ARTHUR AIDALA, FOX NEWS LEGAL ANALYST: So if that you took that in and of itself, the answer to that question I would is no. Because even under the First Amendment, you don't have a right to use fighting words. However, with my favorite lawyer, my father, taught me, when I was a young prosecutor, you have to focus on the doctrine of completeness. You have to look at the whole thing. So when you look at assault, you don't just look at the second part of the assault where the guy's beating a guy in the face, you have to look at the beginning part where the guy who is getting beaten in the face had a knife and attacked someone. And here, she viciously, verbally attacked, and she reacted inappropriately, but not criminal.

    KELLY: That's what she says. We have yet, there's apparently a six hour tape of this whole exchange. And she said to be see the whole thing, and we're trying to get it, it's not yet public. That this person who entered the -- chat room called her the N-word and attacked her, a charge he denies. Go ahead Mark.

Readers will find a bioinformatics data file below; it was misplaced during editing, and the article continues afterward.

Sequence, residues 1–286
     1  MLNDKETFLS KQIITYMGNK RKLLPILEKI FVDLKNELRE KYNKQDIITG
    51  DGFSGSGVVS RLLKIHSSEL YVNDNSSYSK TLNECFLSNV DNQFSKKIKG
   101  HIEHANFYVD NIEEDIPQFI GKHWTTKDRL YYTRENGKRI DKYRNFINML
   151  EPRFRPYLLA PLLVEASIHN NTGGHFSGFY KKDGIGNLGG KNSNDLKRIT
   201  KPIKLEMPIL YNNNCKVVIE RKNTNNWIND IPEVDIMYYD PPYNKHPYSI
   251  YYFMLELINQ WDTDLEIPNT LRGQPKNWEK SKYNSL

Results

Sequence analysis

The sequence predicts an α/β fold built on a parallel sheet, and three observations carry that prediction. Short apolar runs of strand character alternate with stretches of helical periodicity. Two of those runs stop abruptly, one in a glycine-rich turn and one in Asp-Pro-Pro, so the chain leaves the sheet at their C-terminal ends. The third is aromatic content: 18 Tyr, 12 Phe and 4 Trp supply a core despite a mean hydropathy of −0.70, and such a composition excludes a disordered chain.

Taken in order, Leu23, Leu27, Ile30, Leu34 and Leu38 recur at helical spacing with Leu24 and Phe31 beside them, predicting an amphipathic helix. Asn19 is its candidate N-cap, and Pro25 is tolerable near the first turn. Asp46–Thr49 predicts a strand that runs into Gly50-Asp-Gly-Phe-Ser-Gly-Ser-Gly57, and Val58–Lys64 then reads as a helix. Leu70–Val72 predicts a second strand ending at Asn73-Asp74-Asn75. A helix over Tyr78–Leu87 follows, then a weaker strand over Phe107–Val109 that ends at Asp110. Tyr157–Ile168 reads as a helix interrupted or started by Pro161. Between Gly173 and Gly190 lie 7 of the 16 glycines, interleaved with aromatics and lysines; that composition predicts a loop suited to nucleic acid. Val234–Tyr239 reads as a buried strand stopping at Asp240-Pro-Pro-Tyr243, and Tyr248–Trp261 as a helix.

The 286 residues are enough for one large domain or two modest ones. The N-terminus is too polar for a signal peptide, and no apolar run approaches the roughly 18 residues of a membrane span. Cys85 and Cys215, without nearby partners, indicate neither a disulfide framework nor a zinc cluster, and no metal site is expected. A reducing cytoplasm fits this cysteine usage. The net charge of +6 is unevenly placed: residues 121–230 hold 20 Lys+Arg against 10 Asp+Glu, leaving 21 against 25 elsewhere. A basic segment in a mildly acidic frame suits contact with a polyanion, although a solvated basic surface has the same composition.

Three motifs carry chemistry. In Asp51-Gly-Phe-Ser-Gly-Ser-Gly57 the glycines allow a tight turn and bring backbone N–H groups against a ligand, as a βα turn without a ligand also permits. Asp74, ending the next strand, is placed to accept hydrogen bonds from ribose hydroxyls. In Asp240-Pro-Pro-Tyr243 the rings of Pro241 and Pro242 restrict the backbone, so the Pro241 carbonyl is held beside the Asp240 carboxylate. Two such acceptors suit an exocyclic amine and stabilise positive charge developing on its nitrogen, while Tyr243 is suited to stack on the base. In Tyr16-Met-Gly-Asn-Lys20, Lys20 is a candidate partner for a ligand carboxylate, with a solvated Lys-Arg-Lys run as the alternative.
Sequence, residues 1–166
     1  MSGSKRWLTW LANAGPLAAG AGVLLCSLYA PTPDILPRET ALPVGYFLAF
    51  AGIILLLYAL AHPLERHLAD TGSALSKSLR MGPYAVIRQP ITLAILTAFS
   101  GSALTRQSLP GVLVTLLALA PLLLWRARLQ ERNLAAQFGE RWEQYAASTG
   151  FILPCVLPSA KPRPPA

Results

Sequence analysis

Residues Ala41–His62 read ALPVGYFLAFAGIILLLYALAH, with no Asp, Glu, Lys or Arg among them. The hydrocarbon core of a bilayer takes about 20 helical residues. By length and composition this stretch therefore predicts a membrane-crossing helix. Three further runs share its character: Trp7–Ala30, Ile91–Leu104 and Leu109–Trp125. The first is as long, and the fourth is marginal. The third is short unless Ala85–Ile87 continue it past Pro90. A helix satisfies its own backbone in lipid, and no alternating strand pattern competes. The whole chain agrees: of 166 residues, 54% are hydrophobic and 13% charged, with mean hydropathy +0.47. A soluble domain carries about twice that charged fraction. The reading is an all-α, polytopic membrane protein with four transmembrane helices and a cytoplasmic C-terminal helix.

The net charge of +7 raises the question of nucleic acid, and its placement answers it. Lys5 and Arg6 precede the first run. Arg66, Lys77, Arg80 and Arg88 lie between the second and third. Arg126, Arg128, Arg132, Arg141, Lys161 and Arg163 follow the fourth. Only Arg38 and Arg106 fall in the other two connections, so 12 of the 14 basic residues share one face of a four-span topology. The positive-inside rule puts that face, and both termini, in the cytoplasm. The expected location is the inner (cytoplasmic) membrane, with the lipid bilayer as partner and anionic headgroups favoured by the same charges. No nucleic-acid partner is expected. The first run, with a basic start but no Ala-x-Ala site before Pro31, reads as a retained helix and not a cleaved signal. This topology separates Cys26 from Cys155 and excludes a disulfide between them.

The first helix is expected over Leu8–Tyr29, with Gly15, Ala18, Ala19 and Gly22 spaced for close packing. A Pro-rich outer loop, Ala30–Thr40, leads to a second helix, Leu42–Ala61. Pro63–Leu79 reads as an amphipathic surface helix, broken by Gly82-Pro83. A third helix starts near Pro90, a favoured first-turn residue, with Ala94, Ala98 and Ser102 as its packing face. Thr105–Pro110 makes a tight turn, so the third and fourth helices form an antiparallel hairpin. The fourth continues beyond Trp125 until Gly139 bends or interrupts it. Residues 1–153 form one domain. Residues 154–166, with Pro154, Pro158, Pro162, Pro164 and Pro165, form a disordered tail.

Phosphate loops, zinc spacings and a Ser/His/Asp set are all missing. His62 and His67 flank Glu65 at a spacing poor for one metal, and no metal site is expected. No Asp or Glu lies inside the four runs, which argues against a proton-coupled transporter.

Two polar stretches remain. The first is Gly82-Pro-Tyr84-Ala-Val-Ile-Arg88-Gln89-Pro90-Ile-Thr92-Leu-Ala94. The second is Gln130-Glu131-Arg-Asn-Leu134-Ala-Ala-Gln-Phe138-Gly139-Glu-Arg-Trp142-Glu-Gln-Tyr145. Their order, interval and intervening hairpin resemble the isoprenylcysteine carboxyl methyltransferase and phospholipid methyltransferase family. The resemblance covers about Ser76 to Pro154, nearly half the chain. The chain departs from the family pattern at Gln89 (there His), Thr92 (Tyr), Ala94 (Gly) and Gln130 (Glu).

MARK EIGLARSH, CRIMINAL DEFENSE ATTORNEY: Megyn, I used to think that Arthur drank from the vat of gullible. I think now he's addicted to it.

    KELLY: I thought you were just going to say Arthur drank. And I was going to say that is true.

    EIGLARSH: Yeah.

    AIDALA: Red wine

    KELLY: But not too much.

    AIDALA: Red wine, red wine.

    EIGLARSH: Megyn.


    EIGLARSH: He is buying that her responses were because of a hacker? Let me explain why she says, "We want blood for blood." The reason why she says things like we want blood for blood is because, as she explained on your show, she believes that police officers took the blood of young, black males and she wants blood as a result of that blood. Taken in context, none of this is about hackers. It's about how she feels and its fighting words.

    KELLY: That's -- go ahead Arthur.

    AIDALA: But Megyn, the judge doesn't agree with Mark Eiglarsh. The judge, who heard the whole tape, or majority of it, granted her bail and allowed her.